Wyll Kings (380 ER to 431 ER)
The council was at an impasse,
with every family scheming for power and no one willing to give
up or give in to another. Thus, the merchant family of Wylls managed
to buy enough dukes and scheme enough schemes that they were given
the power of the crown. King Schelah took the throne and managed
to pass it on to his son. The Wylls turn out to be good rulers,
although very biased towards merchants and the trades.
years (432 ER to 452 ER)
King Julhoun I (Menbren) is
given the throne in 432 ER after Schelah II dies without heir.
(see Current Events)
The idea behind the giving of the covenants was to allow certain
people or groups to practice rites or beliefs that were not accepted
by society in general, without fear of unjust persecution. Covenants
were small tracts of lands set aside by nobility for these groups
so they could live in peace. Those within a covenant had to follow
King's Law, but as long as they did, they could not be touched
by local authority. Never would a covenant be given to a group
who wanted to follow an evil god or the like, but only to the
people who "thought" differently from the norm. In the
beginning, it was a truly noble and typically Pardinese sensible
idea. The first covenant was given out by King Leo V to a group
of Kith-Joran followers lead by a man named Josyph Solstice. They
believed that eating meat was murder and a disgrace to the gods.
Naturally, in a society of farmers and ranchers, this idea did
not gather a lot of support, and in fact there was some violence,
as well as one reported lynching. Josyph went to King Leo V and
appealed to him. It was from the imaginative mind of Leo V that
Covenants were born. (See history, The Leo Dynasty)
Unfortunately, like many things in Pardinal that start out sensibly,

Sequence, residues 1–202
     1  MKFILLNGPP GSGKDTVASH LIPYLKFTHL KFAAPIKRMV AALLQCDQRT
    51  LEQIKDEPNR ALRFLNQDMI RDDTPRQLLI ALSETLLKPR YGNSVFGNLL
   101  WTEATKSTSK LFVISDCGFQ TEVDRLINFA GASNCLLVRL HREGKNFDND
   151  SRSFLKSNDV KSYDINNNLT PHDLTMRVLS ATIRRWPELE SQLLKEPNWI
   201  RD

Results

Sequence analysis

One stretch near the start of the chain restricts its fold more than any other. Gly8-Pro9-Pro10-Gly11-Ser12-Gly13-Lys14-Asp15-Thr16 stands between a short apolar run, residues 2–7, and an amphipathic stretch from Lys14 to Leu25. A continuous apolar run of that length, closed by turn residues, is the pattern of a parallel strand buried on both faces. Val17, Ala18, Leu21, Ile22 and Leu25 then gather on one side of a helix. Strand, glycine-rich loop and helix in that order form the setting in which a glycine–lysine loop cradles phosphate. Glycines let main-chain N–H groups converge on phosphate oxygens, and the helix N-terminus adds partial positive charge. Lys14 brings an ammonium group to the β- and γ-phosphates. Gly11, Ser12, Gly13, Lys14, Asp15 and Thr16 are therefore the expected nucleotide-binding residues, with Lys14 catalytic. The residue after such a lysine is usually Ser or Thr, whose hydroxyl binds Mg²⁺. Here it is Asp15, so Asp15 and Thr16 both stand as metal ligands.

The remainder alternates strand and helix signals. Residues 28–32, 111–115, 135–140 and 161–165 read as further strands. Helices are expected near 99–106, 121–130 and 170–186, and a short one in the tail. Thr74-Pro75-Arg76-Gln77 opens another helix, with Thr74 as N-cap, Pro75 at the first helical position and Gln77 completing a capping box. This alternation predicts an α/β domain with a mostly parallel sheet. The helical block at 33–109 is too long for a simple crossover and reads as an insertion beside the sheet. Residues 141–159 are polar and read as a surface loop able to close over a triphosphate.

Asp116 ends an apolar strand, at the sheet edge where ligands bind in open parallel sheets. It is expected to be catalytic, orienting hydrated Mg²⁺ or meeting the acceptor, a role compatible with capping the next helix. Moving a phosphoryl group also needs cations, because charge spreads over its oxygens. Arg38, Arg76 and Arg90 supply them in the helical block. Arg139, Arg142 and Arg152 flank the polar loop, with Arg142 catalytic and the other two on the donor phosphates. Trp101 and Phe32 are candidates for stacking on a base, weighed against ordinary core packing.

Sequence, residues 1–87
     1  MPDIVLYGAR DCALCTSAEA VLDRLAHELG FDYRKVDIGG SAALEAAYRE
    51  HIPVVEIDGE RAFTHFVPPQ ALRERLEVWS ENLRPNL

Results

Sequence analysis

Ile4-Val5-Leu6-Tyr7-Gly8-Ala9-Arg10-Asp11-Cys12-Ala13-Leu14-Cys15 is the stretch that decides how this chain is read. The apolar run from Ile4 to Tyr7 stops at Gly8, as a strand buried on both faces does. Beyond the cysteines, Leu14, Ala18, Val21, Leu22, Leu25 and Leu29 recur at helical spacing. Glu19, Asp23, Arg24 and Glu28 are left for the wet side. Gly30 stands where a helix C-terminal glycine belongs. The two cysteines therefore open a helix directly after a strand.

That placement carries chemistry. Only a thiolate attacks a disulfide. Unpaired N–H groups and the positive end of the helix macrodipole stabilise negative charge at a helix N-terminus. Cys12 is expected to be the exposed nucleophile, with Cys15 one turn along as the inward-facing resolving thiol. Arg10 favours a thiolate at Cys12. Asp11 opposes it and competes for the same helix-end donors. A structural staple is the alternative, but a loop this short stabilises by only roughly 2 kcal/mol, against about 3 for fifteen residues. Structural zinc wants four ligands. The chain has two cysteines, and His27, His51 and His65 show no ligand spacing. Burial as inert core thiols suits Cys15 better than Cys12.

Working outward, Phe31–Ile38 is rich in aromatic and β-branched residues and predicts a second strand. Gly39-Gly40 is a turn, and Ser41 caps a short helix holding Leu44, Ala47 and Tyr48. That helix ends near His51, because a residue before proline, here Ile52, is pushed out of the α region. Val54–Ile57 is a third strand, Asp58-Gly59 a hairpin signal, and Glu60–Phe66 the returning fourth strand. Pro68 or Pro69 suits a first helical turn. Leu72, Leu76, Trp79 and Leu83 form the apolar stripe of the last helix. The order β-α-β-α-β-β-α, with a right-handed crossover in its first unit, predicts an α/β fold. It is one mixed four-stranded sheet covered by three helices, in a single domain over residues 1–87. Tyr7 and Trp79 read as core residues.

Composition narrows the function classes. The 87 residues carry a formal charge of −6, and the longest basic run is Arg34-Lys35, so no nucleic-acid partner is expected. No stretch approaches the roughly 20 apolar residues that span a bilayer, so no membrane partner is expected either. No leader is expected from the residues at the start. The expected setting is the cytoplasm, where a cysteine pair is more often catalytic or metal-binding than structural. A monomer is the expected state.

the ideas of covenants became quite attenuated over time due to
the political greed of the nobles. After the last of the Leos
died off, the royal nobles began giving covenants as political
favors and gifts. This lead to the covenants being given to sea
captains who, by the legal word of the covenant, were protected
from persecution, but did not have to follow King's Law because
they were not on King's land. The profession of Covenanteer (or
"Ventars" in the common tongue) was born, and many Pardinese
sailors turned to piracy. Very quickly the Ventar lords became
rich men preying on the merchants they once worked for, completely
protected by the deed of covenant. This lasted for a number of
decades until King Furidan I ended the practice of covenants entirely
and, with the help of Bayris, ended the reign of the Ventars on
the seas. According to rumor, the coffers of the King are still
full with the gold "liberated" from the Ventar lords.
Events: King Julhoun I of the Menbren
family rules over Pardinal and has for about twenty years. He
is about sixty years old, in very poor health, and has recently
been abandoned by his son and heir who, according to rumor, has
left the country. It is believed that the heir left soon after
the king announced he was marrying again, a young lady that was
not only the heir's age, but the childhood sweetheart of the young
man, as well.
King Julhoun is accomplished player of Hazards in both senses.
Julhoun is an opportunist who rarely makes decisions unless they
in some way benefit him personally. Recently, Julhoun reinstated
the giving of covenants, but only if signed by the hand of the
king. He has allowed, by neglect, the other royal families to
take powers upon themselves that should never be allowed in any
hand but the king. This has lead to many "Barons" and
"Viscounts" appearing with gifts of lands and their
own personal army. Feudalism is beginning to have resurgence in
The Sanjan is the personal "manservant"
of the nobility. Everyone who is anyone simply must have a Sanjan.
The Sanjan is the keeper of appointments, records, and all things
of power. They are the ones who arrange the meetings, orchestrate
the power struggles, and set up the "affairs" of state.
The Sanjan have a simple code: Keep the Word and the Silence.
The Word refers to the unbreakable confidence that a noble must
have in their Sanjan to arrange things as they have been instructed.
The Silence refers to the faith that a Sanjan will never reveal
his master's secrets to another person.